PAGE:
We’ve always believed strongly that people are the competitive advantage of organizations today. Not just bodies through the doors though, but rather people who believe in the work they are doing and find meaning in it; people who are enabled to learn and grow both professionally and personally; people who feel like they have a voice at their organization and control over their work.
Portland, Oregon – 1972
A young college dropout wanders into a calligraphy class at Reed College. He becomes fascinated with the art form and starts studying it fervently. It becomes his obsession for the next 18 months.
At this time, Reed College offers some of the highest quality calligraphy instruction in the country, every poster, every drawer on the campus features the delicate lettering. The man soaks it all in, fingers stained with ink – studying the beauty and history; the subtleties and nuances of the written words.
Seth Godin wrote an interesting post about building tribes, communities and organizations that people feel are worth taking care of and worth fighting for. He says one of the key aspects of that is making people feel like they belong.
Godin says that people need to feel an ownership towards something before they will put their time and effort into maintaining it and working to make it grow.
Trust. Like honesty, integrity, and respect, it’s a word we often throw around, but it carries some heavy weight. Trust is something we don’t take lightly. We wouldn’t go to a doctor we didn’t trust, we switch mechanics when we lose trust and relationships fall apart when it’s lacking, however, when it comes to the workplace it would seem that we tolerate a surprising level of distrust.
A mission statement can be a great asset to your organization. When created with thought and skill, it can motivate you and your team towards a common goal and quickly tell clients why they should pay attention to you.
Most organizations realize that they should have a mission statement, mainly because everyone else does. However, a lot don’t realize why it is so important and how they should create it.
It’s no secret what separates average organizations from high-performing extraordinary ones in today’s economy. Highly committed and engaged employees who believe in their organization’s mission and goals and are willing to go above and beyond to achieve them are the secret sauce that sets organizations apart.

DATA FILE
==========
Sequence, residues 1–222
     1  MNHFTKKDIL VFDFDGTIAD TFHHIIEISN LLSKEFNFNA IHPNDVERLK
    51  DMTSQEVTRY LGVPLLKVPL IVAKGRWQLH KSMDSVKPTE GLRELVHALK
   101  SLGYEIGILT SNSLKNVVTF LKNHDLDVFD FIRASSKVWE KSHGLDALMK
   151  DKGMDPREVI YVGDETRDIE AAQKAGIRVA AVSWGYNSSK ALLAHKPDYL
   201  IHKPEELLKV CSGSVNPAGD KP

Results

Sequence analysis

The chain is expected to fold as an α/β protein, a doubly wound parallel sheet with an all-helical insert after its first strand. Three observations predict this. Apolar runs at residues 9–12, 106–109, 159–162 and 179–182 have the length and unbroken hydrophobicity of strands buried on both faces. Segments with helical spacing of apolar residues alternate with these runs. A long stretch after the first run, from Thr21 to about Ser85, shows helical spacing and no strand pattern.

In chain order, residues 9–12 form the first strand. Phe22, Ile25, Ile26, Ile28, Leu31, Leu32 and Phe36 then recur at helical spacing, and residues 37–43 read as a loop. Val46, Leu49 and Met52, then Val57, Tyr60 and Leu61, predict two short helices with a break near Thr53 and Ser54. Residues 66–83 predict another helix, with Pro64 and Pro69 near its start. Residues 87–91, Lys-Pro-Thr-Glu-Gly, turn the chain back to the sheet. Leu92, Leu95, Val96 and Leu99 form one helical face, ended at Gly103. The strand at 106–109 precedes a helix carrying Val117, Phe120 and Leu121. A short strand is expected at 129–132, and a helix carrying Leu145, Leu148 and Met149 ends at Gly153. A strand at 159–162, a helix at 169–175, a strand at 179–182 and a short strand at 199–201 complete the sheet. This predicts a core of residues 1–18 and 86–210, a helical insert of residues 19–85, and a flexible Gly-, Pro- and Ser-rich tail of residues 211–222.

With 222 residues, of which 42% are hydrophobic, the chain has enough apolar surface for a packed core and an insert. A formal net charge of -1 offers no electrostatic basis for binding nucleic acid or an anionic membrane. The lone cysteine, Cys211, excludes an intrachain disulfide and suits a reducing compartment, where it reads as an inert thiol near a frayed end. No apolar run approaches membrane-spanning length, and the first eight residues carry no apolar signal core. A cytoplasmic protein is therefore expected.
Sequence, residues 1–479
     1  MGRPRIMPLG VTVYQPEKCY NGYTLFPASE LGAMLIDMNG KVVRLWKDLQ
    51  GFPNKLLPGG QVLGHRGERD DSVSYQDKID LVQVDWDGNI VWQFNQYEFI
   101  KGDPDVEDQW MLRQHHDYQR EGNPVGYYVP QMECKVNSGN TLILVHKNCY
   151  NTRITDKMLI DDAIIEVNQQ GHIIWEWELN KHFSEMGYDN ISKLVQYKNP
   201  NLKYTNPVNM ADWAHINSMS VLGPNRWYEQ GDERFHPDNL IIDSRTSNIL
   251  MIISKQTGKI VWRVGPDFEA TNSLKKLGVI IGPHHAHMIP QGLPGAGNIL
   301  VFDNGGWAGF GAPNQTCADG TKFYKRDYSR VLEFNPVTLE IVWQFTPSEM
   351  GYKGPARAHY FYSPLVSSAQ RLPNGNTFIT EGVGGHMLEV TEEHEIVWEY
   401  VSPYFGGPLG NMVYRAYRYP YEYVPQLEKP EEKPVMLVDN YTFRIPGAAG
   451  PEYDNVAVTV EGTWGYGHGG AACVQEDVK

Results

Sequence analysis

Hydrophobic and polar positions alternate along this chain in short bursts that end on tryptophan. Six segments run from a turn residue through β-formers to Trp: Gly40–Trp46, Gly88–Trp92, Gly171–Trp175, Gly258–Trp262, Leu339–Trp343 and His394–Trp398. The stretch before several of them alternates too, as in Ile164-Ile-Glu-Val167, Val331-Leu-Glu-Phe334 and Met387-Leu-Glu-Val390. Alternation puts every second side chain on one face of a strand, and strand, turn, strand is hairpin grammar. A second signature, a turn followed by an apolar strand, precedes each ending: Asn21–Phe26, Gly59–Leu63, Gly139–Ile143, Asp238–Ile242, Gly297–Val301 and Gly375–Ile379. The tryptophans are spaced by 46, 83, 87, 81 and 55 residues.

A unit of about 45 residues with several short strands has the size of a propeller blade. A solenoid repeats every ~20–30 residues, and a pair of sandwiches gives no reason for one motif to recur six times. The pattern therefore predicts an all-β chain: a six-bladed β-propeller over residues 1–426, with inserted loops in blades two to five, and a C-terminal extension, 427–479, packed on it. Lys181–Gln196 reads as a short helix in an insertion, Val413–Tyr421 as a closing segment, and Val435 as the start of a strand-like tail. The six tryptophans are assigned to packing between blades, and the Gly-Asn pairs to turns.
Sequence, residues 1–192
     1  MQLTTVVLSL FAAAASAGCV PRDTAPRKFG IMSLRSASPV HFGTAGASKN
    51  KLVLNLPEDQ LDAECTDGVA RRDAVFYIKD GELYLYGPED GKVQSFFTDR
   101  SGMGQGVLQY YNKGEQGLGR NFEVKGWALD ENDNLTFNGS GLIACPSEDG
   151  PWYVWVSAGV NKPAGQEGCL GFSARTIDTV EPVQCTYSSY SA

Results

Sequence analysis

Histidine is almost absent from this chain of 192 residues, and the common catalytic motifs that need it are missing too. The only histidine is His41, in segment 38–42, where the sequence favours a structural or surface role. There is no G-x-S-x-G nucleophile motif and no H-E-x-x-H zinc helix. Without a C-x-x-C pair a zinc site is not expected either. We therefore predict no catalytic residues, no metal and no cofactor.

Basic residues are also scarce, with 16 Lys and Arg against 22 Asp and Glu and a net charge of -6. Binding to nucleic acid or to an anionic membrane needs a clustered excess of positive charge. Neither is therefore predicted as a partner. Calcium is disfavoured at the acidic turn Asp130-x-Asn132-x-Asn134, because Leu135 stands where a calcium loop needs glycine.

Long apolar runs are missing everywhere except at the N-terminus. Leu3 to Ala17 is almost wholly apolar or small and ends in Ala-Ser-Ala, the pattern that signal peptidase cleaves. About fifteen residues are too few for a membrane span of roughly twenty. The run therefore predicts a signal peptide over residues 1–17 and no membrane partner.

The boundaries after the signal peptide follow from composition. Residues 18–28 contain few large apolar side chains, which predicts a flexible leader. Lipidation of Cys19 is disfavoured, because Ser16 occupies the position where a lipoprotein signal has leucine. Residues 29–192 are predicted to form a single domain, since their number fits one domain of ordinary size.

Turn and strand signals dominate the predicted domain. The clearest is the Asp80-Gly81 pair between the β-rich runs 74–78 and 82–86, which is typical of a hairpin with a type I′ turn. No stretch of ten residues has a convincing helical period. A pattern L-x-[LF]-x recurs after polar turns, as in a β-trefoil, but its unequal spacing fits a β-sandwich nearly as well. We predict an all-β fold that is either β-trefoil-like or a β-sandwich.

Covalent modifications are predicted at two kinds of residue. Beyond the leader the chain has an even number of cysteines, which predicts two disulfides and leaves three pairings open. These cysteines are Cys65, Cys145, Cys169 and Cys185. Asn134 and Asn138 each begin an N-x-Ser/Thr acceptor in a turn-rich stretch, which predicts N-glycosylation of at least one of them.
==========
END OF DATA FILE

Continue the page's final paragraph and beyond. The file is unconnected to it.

Not only do engaged employees contribute to the success of the organization, but they also find great satisfaction in their work.
So how do you build a workforce of engaged employees? What motivates employees to go the extra distance?
You might think it is your senior leaders who matter the most in your organization; the ones planning the future and making the big strategic decisions to move everyone in the right direction.
However, senior leadership matters very little when compared with the really important people in your organization.
These people will make or break the success of your organization. They will drive high levels of productivity or cause it to plummet; they will inspire employees to go above and beyond what’s asked of them or cause continual turnover, bleeding an organization of talent.
Communicating effectively is one of those things that is easy for us to dismiss as a non-issue. With the ability to stay connected to each other 24/7 through calls, texting, email and social media it seems like communicating for business should be a simple process.
However, like it has always been, communication remains a sore point for many organizations. Perhaps even more so these days due to the sheer number of messages we receive on a daily basis and the different ways in which we receive them.
Here are 5 common communication blunders and what you can do to fix them:
Your most important asset is building a culture in which people have the ability to work together, openly share their knowledge and leverage off each other’s insights to create something new and wonderful on an ongoing basis.
Farmers’ Mutual was the largest mutual insurance company in Ontario with 48 brokers representing 80 offices when they contacted BizXcel. They had a staff of 75 employees, most of which had been with the company for many years. They were in the process of moving into a new state-of-the-art facility.
Do you trust senior leadership at your organization? Do you believe what they tell you? If you answered yes, you are in a small minority.
A recent article in Municipal World called “What leaders should know about building trust” by Nan Russell lays down the stark facts about trust and leadership in today’s business environment.
A national survey conducted by the Canadian Management Centre and Ipsos Reid revealed that a staggering 61 percent of Canadian employees do not trust senior leaders in their organization and only 39% believe what those leaders say.